Chinese fishermen get the ultimate phone video: a swimming tiger
Two Chinese fishermen got the catch of their lives...on mobile phone this week. While fishing in the Ussuri River, which acts as a border between Russia and China, the fishermen were approached by a swimming Siberian tiger. These tigers, also known as Amur tigers, are down to around 350-500 animals.
Turning point? U.S. and China announce major actions on global warming
Could 2014 be a turning point for efforts to slash global greenhouse gas emissions? Maybe: in less than 24 hours the world's two largest emitters of carbon dioxide announced plans to finally rein-in the gas most responsible for global warming.
Chinese officials seize nearly a thousand dead pangolins
In one of the biggest pangolin trafficking cases yet recorded in China, officials confiscated 956 animals stuffed into 189 coolers this month. The dead pangolins were being carried overland in a truck, with the total haul weighing four tonnes. The traffickers were caught at the border of Guangdong Province. If convicted, they face up to ten years in jail.
Dams be damned: study finds large dams are too expensive
Hydroelectric power, supplied mostly from dams, provides approximately 20 percent of the world's electricity, an amount of energy equivalent to 3.6 billion barrels of oil. However, a recent study by researchers at Oxford University has found that large dams cost so much money and take so long to build that they may not be economically viable.
Hong Kong begins destroying 131,000 pounds of elephant ivory
Hong Kong has begun destroying its 29.6-metric-ton stockpile of confiscated ivory. On Thursday authorities in the semi-autonomous Chinese city crushed and incinerated a ton of seized ivory in an action they hope will send a message to poachers and traffickers.
Chinese poachers caught with 555 marine turtles, most dead (PHOTOS)
On Friday, eleven Chinese fishermen were caught by Filipino police with 555 marine turtles, 378 of which were dead. Officials in the Philippines have since released the 177 living turtles. But the incident has sparked an international standoff between the Philippines and China as the Chinese nationals were arrested in disputed waters in the South China Sea.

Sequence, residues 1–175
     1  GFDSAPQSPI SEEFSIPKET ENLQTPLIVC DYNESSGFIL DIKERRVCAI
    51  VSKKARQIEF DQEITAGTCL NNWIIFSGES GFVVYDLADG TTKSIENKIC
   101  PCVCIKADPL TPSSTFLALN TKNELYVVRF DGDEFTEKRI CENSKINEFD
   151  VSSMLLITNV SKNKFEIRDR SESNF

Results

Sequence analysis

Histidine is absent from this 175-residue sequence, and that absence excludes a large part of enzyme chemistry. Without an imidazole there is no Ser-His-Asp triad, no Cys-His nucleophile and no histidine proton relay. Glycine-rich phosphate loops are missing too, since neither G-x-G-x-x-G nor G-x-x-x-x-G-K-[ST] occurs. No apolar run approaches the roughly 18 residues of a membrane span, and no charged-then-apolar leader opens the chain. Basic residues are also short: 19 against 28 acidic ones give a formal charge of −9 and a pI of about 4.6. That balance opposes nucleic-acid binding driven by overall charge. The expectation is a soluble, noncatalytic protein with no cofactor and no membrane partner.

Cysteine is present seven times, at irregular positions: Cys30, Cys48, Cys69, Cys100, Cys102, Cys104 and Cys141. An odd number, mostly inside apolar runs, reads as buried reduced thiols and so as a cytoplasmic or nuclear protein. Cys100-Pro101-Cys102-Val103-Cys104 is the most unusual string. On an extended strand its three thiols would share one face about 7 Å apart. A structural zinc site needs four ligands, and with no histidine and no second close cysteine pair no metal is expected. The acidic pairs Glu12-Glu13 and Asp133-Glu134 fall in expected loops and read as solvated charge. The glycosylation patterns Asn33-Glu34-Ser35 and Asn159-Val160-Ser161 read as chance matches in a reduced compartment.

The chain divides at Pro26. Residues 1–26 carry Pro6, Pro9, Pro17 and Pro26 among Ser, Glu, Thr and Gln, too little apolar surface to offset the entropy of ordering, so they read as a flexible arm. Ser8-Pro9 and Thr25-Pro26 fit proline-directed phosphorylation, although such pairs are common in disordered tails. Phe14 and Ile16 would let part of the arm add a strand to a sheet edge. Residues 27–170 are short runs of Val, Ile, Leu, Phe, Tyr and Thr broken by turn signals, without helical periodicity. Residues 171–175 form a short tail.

Chinese luxury furniture linked to murder, near extinction
Intricately carved, meticulously designed, and costing hundreds of thousands of dollars: this is "hongmu," or Chinese luxury furniture reflecting the elite styles of the Ming and Qing dynasties. But while the red-colored furniture may be aesthetically beautiful, it comes with a blood price.
India, not China, has the world's worst urban air pollution
Breathing in urban India is hard: of the world's top twenty cities with the worst air, 13 of them are found in India, according to a new analysis by the World Health Organization (WHO). Despite the attention recently given to Chinese cities for atrocious air pollution, many of India's cities are actually worse when comparing annual averages of fine airborne particulates.
China pledges $10 million to combat poaching in Africa
The Chinese Premier, Li Keqiang, has pledged $100 million to combat poaching in Africa during a visit to the African Union headquarters in Addis Ababa.
Chinese who eat endangered species could face over ten years in jail
It's well known that much of the world's massive illegal wildlife trade ends up in China, including poached tigers, pangolins, and bears. But now those who order pangolin fetuses, tiger blood, or bear bile at a restaurant or market may see significant jail time.
The beef with beef: how 12 strategies could drastically cut agricultural emissions
Eating less beef, cutting food waste, and utilizing farm landscapes to sequester carbon are three ways a new report suggests the world could rapidly tackle agricultural emissions. Currently, global agriculture accounts for nearly a fifth of the world's greenhouse gas emissions when agriculturally-linked deforestation is included.
After widespread deforestation, China bans commercial logging in northern forests
Forestry authorities in China have stopped commercial logging in the nation's largest forest area, marking an end to more than a half-century of intensive deforestation that removed an estimated 600 million cubic meters (21 billion cubic feet) of timber. The logging shutdown was enacted in large part to protect soil and water quality of greater China, which are significantly affected by forest loss in the mountainous region.
Illegal logging makes up 70 percent of Papua New Guinea's timber industry
Corruption, weak governance, and powerful timber barons are illegally stripping the forests of Papua New Guinea, according to a new report from the Chatham House. The policy institute finds that 70 percent of logging in Papua New Guinea is currently illegal, despite the fact that 99 percent of land is owned by local indigenous communities.
3 environmental reporting prize winners to explore drivers of deforestation, community forestry, and sustainable seafood in China